Private Christopher "Kit" Cowen Anderson Macon Light Artillery AKA Phillips Legion Artillery
At first glance, one would wonder why a soldier from the Macon Light Artillery is included with those of the Phillips Legion. There is a reason and an interesting story behind this seeming anomaly. During the spring of 1862 when the Phillips Legion's infantry and cavalry battalions had returned south to Hardeeville, SC to recover from the rigors of their winter campaign in the mountains of western Virginia, Colonel William Phillips went to work with Governor Brown in an effort to expand his Legion. After considerable wrangling with the Confederate government at Richmond, Phillips was permitted to recruit three additional infantry and two additional cavalry companies. Research indicates that he was also attempting to add an artillery battery and this unit was the newly organized Macon Light Artillery. Correspondence found in the compiled service record of battery commander, Captain Henry Ells, clearly indicates that his six gun battery, which was organized and in training at Macon, Ga., was assigned to Phillips Legion in May of 1862. The battery did not join the Legion at Hardeeville and continued to train at Macon until the Legion was moved north to Richmond in late July 1862. The battery soon followed but did not accompany the Legion infantry north in the campaign of Second Manassas and on into Maryland. It is not clear precisely when the organizational bond between the battery and the Legion was eliminated but this certainly was done by the beginning of 1863 when the battery was sent to serve in North Carolina. Another peice of evidence that points to the official link between the Legion and the Macon Light Artillery is the fact that many of the battery's members filed for veteran's pensions listing their unit as the Phillips Legion Artillery.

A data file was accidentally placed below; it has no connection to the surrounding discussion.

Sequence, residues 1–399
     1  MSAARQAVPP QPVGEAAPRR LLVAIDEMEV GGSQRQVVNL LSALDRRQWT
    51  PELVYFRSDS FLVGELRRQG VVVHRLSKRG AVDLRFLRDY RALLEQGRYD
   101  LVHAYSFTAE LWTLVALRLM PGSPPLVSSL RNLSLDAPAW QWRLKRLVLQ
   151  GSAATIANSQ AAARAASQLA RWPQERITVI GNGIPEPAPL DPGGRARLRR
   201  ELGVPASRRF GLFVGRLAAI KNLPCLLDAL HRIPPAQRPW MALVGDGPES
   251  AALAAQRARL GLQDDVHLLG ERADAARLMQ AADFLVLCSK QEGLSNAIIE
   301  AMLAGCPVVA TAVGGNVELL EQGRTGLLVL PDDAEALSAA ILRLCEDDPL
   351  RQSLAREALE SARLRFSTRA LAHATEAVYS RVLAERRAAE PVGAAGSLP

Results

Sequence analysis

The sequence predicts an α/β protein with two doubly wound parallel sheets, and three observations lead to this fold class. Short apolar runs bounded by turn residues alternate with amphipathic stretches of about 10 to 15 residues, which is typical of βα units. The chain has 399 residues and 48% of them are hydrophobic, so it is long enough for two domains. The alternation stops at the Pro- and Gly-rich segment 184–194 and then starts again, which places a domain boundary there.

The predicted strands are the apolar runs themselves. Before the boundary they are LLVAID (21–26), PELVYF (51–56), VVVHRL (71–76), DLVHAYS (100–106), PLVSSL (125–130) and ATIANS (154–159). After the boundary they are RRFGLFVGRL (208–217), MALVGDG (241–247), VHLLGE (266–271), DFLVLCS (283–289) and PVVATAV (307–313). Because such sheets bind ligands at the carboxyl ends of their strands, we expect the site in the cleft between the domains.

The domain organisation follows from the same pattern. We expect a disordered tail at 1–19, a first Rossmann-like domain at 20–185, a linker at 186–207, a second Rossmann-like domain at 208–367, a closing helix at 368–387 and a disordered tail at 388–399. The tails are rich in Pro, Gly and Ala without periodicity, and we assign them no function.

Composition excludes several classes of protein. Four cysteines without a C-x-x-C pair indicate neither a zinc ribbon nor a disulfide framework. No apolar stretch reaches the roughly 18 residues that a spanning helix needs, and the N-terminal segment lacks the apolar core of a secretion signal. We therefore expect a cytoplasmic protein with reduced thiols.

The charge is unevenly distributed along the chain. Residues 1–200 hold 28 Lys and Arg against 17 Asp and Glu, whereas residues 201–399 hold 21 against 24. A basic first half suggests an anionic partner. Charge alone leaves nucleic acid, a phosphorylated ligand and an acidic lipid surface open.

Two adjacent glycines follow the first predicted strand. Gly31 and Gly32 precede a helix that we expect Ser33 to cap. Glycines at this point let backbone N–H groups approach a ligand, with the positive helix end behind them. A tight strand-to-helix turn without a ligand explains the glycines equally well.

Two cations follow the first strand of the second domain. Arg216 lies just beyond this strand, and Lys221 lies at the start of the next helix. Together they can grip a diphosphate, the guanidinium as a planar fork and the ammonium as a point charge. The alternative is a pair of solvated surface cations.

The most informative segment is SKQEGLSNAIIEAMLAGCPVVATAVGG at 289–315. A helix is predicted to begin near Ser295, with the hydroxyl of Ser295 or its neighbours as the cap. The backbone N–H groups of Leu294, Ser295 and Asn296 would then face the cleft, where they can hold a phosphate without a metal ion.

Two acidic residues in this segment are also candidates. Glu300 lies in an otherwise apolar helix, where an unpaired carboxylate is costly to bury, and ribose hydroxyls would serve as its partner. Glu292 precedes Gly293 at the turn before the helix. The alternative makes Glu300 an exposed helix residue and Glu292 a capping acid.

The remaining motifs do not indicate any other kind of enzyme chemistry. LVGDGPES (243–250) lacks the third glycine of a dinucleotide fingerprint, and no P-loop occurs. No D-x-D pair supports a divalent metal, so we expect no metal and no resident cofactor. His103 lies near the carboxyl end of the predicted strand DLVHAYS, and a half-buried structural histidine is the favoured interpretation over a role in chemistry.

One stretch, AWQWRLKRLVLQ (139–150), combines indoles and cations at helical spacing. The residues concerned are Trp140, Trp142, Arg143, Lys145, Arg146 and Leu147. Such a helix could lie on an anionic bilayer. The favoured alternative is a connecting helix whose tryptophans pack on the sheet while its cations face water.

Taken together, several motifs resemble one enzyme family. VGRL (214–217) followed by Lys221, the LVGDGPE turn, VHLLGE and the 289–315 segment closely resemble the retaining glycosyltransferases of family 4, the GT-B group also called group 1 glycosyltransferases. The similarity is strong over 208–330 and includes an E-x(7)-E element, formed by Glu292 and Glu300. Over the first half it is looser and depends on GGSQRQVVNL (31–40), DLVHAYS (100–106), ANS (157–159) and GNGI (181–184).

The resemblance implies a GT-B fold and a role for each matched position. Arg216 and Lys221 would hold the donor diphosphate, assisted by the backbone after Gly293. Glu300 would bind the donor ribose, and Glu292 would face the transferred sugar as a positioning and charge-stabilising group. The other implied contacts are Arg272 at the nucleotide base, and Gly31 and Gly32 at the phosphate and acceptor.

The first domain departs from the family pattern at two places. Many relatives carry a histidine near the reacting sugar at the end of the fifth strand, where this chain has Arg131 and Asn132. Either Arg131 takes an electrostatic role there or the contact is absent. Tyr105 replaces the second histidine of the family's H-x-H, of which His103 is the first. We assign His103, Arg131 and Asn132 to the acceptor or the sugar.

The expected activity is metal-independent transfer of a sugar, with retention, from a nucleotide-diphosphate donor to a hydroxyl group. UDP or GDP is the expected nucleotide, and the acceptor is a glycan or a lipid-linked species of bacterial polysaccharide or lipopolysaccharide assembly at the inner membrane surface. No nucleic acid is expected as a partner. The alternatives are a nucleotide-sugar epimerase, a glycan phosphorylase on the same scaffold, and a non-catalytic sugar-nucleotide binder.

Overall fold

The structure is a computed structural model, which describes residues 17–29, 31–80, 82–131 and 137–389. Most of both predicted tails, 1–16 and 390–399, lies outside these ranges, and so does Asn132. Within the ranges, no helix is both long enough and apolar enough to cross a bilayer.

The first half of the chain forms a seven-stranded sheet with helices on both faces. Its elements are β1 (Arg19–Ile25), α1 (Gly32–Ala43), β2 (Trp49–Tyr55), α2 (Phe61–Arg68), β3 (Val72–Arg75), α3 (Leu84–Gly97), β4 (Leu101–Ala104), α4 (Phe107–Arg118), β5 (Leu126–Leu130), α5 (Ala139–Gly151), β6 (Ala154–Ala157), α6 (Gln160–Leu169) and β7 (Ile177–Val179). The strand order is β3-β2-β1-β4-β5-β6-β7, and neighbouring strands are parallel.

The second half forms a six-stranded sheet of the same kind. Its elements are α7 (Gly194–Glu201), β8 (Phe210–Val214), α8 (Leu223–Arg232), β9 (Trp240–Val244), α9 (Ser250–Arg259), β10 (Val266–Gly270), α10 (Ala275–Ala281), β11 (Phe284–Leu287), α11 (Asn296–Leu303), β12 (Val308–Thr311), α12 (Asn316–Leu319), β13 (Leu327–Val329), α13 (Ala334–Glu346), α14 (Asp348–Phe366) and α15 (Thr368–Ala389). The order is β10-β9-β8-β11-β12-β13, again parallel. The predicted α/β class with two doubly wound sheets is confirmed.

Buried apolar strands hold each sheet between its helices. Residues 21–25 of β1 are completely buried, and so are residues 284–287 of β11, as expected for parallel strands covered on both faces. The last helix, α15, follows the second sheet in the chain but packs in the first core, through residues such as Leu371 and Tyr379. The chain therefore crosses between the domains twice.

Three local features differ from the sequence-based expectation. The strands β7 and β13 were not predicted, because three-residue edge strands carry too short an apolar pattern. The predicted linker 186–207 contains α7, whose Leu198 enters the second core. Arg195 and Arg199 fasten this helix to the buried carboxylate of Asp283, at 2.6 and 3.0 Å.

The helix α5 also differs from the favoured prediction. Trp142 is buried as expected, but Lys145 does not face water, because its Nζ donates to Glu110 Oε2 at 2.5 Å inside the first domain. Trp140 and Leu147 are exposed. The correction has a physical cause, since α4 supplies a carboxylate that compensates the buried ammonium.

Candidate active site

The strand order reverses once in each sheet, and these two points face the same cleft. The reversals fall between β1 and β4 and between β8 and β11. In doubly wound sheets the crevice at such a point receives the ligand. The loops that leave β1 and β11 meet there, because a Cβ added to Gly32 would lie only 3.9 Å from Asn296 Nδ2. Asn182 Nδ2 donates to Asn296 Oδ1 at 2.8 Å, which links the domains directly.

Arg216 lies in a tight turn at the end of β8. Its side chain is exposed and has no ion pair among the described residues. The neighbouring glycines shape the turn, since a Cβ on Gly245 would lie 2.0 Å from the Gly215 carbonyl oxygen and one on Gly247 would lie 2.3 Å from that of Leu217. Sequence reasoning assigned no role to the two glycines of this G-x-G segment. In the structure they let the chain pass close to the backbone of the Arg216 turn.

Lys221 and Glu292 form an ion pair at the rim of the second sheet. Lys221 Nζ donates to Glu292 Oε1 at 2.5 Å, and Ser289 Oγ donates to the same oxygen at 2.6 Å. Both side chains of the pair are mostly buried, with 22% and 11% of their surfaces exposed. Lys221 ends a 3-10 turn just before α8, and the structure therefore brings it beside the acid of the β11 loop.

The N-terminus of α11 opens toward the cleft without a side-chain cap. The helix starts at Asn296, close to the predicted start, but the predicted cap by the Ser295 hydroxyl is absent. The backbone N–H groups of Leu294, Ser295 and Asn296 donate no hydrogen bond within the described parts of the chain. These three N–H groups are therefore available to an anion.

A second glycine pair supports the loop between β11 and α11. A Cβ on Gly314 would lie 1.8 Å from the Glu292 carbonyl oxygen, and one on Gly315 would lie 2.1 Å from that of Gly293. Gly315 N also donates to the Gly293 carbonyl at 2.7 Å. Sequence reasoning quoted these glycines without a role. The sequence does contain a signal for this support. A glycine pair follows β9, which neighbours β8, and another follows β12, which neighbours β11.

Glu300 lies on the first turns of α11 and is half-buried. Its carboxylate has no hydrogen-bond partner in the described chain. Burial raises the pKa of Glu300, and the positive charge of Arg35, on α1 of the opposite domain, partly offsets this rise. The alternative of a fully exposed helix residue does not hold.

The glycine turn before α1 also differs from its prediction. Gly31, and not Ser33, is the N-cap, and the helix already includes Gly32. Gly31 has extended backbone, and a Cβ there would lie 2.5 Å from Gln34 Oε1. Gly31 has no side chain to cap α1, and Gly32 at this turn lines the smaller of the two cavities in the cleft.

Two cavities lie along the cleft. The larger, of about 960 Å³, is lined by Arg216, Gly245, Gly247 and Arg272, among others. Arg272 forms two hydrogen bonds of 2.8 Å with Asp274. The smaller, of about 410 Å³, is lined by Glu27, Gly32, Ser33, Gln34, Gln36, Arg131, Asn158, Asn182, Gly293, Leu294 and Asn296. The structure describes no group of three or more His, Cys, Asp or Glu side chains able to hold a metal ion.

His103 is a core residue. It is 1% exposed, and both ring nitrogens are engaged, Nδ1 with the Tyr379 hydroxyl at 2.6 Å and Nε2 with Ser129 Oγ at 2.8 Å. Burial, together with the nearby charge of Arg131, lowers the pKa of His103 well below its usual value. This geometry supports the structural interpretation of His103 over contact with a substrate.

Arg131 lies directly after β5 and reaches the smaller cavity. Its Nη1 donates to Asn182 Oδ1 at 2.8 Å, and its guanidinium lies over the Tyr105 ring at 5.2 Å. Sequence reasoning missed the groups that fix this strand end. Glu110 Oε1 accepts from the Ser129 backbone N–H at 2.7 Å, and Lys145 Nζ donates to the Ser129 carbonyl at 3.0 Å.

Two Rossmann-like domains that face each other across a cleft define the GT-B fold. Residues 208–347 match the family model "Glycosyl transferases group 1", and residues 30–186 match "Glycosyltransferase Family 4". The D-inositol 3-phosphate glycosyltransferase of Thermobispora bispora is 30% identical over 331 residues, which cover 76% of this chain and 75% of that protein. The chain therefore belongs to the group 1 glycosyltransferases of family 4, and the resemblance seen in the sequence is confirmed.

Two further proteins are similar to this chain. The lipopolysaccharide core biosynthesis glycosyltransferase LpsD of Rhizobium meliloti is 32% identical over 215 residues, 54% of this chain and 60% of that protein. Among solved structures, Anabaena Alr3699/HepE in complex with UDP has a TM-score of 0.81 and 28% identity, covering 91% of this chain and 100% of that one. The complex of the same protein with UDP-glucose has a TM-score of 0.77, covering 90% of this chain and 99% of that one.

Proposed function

Christopher "Kit" Anderson was a 17 year old senior at Mercer University at Penfield, Ga when the war broke out. He enlisted for one year in the 6th Ga Regiment of Alfred Colquitt's brigade on May 1st 1861. Serving out his enlistment, he reenlisted in the Macon Light Artillery and fought with the battery for the rest of the war, rising to the rank of First Sgt. Following the surrender, Kit spent a month walking back to his home in Cedartown, Ga., married, raised a large family and lived on until his death in 1925.
Photo courtesy of Mrs Robert Earl White of San Antonio, Texas.